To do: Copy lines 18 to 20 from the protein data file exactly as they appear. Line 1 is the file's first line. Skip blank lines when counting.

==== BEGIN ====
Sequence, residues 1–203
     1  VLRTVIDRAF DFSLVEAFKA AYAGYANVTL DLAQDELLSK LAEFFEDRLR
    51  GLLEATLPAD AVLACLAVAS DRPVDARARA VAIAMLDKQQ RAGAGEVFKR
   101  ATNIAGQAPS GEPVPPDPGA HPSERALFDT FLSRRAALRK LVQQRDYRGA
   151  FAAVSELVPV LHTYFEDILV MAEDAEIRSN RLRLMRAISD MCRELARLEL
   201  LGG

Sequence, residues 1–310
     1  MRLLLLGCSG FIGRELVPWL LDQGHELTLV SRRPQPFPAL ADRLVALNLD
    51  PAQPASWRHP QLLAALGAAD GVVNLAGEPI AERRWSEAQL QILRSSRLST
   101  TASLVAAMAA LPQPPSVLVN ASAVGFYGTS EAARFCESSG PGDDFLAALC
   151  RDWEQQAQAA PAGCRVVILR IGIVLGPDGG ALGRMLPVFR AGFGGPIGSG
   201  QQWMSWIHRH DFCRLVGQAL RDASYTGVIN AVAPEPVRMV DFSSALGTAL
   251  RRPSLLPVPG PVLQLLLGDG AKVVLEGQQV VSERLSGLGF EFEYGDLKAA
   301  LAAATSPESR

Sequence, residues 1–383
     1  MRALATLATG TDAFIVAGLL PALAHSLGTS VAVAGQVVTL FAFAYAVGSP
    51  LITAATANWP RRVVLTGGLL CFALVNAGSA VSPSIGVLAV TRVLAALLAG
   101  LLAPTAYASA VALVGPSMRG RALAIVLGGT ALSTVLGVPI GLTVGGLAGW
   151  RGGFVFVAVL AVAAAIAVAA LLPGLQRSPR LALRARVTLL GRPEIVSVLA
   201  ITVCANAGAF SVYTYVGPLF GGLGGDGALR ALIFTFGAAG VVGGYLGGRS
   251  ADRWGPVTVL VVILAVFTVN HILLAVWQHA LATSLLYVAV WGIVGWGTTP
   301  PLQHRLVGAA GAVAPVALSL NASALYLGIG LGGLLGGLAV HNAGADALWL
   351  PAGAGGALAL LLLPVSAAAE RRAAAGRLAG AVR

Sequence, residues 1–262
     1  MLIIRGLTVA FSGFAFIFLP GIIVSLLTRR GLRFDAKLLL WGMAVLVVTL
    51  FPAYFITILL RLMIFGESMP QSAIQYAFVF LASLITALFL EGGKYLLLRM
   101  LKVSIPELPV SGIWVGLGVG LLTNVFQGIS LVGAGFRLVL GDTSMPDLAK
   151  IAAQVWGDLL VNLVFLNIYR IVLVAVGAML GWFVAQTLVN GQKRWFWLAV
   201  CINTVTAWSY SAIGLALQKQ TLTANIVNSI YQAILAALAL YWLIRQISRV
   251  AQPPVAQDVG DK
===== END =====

   101  LLAPTAYASA VALVGPSMRG RALAIVLGGT ALSTVLGVPI GLTVGGLAGW
   151  RGGFVFVAVL AVAAAIAVAA LLPGLQRSPR LALRARVTLL GRPEIVSVLA
   201  ITVCANAGAF SVYTYVGPLF GGLGGDGALR ALIFTFGAAG VVGGYLGGRS